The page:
June M. Como, Lecturer of Nursing at the College of Staten Island, has received the Clinical Nurse Specialist of the Year award from the National Association of Clinical Nurse Specialists (NACNS).
The award recognizes NACNS members for their outstanding professional achievements as Clinical Nurse Specialist Educators. Professor Como will be officially recognized at the NACNS annual awards luncheon on Friday, March 11 in Baltimore.
Professor Como, who began her nursing career at CSI (she was a member of the final class of Staten Island Community College) said that she was “extremely excited and very humbled,” when she was nominated by Dr. Margaret Lunney of CSI’s Nursing Department.
“Teaching is an important component of my life,” commented Como. “Being able to guide my graduate students toward their practice as CNSs in Advanced-Practice Nursing, assisting them in providing the highest level of evidenced-based patient-focused care, and implementing system-level changes in their respective health care settings is wonderfully fulfilling.”
Professor Como’s list of accomplishments is long and impressive, but perhaps none is more impressive than her work during 9/11 setting up a nurses’ health care and first aid center at the Staten Island Homeport. She spent nearly three months organizing health care coverage for personnel at Ground Zero.
Professor Como is also the co-director of the CSI High-Fidelity Simulation Center where her students use mannequins to simulate real clinical circumstances. The mannequins have heart rates, blood pressure, and working lungs. “It is important that students experience a level of patient care in a safe environment where mistakes are not as costly,” she said.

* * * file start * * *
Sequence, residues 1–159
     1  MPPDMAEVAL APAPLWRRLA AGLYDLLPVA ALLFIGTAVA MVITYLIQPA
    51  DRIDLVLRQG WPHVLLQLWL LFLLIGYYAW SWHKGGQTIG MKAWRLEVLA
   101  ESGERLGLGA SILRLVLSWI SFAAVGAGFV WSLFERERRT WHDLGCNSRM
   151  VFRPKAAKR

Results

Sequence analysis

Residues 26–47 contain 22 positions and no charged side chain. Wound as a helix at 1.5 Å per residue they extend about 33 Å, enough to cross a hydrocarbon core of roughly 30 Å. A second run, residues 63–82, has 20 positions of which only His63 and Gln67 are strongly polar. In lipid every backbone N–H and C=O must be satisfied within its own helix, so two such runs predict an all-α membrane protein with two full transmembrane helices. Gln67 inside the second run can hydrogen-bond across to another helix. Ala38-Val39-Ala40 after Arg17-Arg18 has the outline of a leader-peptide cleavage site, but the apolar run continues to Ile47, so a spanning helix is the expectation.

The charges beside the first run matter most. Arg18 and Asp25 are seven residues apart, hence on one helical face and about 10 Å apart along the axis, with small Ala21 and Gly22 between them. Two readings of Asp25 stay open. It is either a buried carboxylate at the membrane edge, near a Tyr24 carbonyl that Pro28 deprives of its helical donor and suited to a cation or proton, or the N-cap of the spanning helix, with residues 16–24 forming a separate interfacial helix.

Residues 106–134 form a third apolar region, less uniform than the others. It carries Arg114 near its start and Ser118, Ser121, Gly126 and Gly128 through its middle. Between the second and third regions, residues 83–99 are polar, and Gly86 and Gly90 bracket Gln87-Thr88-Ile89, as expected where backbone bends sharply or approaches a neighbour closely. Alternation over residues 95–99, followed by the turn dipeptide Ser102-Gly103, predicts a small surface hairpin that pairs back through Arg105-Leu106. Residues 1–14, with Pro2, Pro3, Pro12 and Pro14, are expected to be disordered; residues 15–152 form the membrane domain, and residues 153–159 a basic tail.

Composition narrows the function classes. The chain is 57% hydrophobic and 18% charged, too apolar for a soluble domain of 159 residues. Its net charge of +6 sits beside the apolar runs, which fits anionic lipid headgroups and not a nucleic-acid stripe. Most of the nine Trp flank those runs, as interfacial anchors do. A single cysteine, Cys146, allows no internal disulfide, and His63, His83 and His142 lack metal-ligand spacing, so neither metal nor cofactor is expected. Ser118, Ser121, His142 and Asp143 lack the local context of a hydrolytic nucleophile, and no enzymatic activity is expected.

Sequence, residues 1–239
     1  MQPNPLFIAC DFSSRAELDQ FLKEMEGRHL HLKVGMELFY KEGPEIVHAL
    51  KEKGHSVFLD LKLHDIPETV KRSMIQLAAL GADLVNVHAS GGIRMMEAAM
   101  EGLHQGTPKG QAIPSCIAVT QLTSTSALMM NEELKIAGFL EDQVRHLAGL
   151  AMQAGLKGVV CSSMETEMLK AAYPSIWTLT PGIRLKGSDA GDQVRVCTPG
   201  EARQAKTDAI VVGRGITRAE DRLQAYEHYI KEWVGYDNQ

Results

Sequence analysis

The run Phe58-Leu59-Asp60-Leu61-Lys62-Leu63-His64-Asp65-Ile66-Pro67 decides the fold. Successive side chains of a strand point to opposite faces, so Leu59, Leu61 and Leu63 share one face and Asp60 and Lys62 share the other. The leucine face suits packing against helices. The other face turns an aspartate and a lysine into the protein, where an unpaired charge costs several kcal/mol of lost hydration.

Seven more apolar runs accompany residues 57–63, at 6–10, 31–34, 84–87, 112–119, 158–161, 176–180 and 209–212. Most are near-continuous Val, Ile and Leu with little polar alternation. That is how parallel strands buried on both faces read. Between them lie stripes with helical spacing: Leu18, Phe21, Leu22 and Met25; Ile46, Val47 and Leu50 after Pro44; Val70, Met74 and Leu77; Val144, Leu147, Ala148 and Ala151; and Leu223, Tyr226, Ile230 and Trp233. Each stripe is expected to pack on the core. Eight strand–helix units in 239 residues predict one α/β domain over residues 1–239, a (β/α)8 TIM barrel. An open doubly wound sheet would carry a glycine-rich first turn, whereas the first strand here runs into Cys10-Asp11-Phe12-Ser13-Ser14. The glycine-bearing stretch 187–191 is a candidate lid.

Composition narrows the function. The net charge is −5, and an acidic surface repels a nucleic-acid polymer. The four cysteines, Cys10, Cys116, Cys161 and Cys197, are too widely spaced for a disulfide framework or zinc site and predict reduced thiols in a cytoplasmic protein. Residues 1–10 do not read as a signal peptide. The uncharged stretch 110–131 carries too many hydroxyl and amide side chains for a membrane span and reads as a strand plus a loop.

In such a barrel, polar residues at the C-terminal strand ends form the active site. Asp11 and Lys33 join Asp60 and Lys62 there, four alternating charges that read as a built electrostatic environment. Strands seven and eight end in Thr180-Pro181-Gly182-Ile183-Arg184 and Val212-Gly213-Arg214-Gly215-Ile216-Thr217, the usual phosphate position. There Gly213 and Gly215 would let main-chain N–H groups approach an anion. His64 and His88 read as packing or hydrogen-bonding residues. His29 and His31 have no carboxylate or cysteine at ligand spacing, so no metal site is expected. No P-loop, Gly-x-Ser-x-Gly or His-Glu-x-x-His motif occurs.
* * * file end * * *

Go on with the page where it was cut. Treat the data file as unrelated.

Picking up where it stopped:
“Como’s dedication to the Staten Island community and to the development of CNS students through technology and leadership training is what helps set her apart from other members of her field. Como is a true leader in her field and the members of the CSI community are proud to call her their own,” CSI Provost and SeniorVice President for Academic Affairs Dr. William Fritz commented.
Como began her teaching career as a Critical Care Instructor at Methodist Hospital and has been teaching at CSI since 1992. She is the recipient of a number of awards and grants, earning tens of thousands of dollars as the Principal Investigator (PI) for several projects that use different aspects of technology to assist students in acquiring the critical thinking traits and skills in the nursing diagnosis, care, and evaluation of patients, families, and communities. She has published several articles in health care journals such as the International Journal of Human Caring and Holistic Nursing Practice. Her doctoral focus is on health literacy, medication adherence, and health outcomes in patients with heart failure.
The NACNS was founded in 1995 to enhance and promote the valuable contributions of clinical nurse specialists to the health care industry. Members are highly influential in the nursing industry. They aid in the development of CNS education standards and support state-specific legislative initiatives.
The Nursing program at CSI is one of the College’s longest-running programs, dating back to the 1960s when CSI was known as Staten Island Community College. Today, the Department has grown into one of CSI’s flagship programs, offering Master’s and Nurse Specialist degrees. CSI nursing graduates are employed in a variety of institutions throughout the city.